The art: Seeing Han Solo in an unfamiliar uniform blasting out of a bay in an X-wing is a great visual to start this issue. Han and Chewie look great, but the Corellian’s ship looks really muddy as it leaves the bay. Artist Salvador Larroca does a much better job on the full-paged splash on the second page which shows all the ships engaged in combat. This is a terrific illustration! The smile on Leia’s face that ends the third page is a terrific lead in to the large image of Vader on Page 4 with his lightsaber ignited as he stands among those he’s just killed. By putting Leia and Draven in a tiny panel at the bottom of this image Larroca has made the heroes’ chances seem small. Pages 5 – 9 mirror Rogue One and work well, with Vader being absolutely awesome as the takes down each Rebel one by one. Draven’s face is slightly inconsistent at times, though he looks great on Page 9. The exit on 10 is similar to the escape of the Falcon from the Death Star in A New Hope. Once the book turns to the ships and their battles, the visuals become stronger, with Larroca creating great tension with tight close-ups of characters and stars and energy blasts tearing by in the background. Page 17 has a great explosion in space, with the effects of this blast on the pilot really well done. I like how Larroca has captured the explosion on the ship and within the cockpit. I’m really not liking Page 18 because the faces are off on everyone: when shown from a distance characters are hidden in shadows and when shown up close they have odd line work, such as on Luke and a certain general. The first panel on the last page has some very clunky staging of the characters, with the close-ups at the bottom at least looking well done. This issue was strong until the ending, as if Larroca ran out of steam. Overall grade: B

The colors: Guru-eFX do a good job on this book’s colors starting strong with Han and his X-wing. The yellows and reds used for the space scenes have been and continue to be knockouts whenever they appear. The full-paged splash on the second page is gorgeous for the colors on it. I also like the laser blasts between ships, with readers able to recognize their origin just from their colors. Vader’s entrance into this issue is photorealistic due to the strong colors. When Vader attacks the Rebels the colors go crimson to match his lightsaber and to increase the tension. The explosions in space are beautiful in orange and yellow. The change in background colors on Page 19’s fourth panel is a visual key to the reader that the Rebels’ situation has improved. The colors increase the tension throughout this issue and provide clues to the reader. Overall grade: A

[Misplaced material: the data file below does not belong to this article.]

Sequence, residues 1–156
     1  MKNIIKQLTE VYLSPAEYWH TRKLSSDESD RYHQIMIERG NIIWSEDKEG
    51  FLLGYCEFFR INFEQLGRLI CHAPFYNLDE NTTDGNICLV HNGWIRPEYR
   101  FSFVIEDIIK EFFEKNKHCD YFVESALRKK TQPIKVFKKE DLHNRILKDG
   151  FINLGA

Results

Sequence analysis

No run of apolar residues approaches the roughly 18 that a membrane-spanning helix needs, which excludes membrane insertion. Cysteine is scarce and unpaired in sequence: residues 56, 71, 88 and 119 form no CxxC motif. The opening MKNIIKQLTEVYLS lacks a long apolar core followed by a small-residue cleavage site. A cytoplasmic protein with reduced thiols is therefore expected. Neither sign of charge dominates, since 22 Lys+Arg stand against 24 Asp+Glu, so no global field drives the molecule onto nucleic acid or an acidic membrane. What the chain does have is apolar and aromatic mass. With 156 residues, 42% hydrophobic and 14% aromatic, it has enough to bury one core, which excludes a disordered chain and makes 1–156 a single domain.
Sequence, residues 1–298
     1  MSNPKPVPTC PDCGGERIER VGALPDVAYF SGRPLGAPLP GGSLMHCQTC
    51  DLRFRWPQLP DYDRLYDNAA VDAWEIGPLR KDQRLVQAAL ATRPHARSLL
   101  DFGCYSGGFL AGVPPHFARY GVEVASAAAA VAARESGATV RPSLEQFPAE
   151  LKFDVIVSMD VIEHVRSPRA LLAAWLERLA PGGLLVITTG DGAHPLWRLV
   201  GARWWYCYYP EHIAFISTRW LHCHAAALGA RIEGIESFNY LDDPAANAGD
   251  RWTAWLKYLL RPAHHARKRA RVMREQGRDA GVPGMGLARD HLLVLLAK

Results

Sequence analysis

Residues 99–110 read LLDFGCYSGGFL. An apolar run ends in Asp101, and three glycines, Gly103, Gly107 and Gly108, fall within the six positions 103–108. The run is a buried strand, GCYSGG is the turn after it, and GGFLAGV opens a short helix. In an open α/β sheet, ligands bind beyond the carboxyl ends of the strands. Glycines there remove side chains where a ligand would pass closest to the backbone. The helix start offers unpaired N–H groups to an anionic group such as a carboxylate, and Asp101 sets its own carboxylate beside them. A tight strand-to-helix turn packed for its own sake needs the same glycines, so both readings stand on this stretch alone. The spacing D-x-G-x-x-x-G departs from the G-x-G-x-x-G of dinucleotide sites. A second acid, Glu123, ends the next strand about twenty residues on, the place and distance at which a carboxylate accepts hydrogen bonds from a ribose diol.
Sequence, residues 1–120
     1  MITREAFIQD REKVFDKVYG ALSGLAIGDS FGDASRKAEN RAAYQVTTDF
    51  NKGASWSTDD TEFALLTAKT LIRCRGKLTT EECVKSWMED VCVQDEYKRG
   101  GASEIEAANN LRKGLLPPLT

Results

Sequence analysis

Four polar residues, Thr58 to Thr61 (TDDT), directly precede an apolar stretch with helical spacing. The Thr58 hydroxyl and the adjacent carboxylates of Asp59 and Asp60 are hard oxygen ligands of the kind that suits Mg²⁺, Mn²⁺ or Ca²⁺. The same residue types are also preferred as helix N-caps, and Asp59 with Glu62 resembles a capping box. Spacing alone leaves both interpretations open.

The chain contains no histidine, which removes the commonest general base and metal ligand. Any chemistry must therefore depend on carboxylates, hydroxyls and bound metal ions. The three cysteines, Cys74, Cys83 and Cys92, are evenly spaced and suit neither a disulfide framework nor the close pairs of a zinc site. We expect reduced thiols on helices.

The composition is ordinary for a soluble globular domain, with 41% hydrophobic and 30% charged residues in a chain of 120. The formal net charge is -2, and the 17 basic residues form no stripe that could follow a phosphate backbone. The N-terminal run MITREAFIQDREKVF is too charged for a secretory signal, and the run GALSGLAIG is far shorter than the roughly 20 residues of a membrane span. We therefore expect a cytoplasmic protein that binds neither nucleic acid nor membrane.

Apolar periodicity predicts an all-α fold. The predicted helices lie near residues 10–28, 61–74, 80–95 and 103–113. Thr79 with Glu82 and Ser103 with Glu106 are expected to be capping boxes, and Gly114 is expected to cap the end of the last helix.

The letters: VC’s Clayton Cowles creates this issue’s text which includes scene settings, Wookiee speech, dialogue, a transmission and droid speech, sounds, and whispered dialogue. I’m not happy with the frail dialogue, the jagged Wookiee speech, the scene settings which appear blurry due to their white outlines, and the transmissions and droid speech being the same font. I do like the sounds and whispered speech, but there’s not enough of that to overcome all the design flaws of the other fonts. Overall grade: C+ 

The final line: The art and lettering lower this book’s score. It’s a decent enough issue, with the story being the strongest element. There’s still plenty enough to like, but Marvel continues to have the lettering on this franchise be inappropriate for what’s needed and the quality of the art lessens with each page. Overall grade: B+

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Patrick Hayes was a contributor to the Comic Buyer's Guide for several years with "It's Bound to Happen!" and he's reviewed comics for TrekWeb and TrekCore. He's taught 8th graders English for 20 years and has taught high school English for five years and counting. He reads everything as often as he can, when not grading papers or looking up Star Trek, Star Wars, or Indiana Jones items online.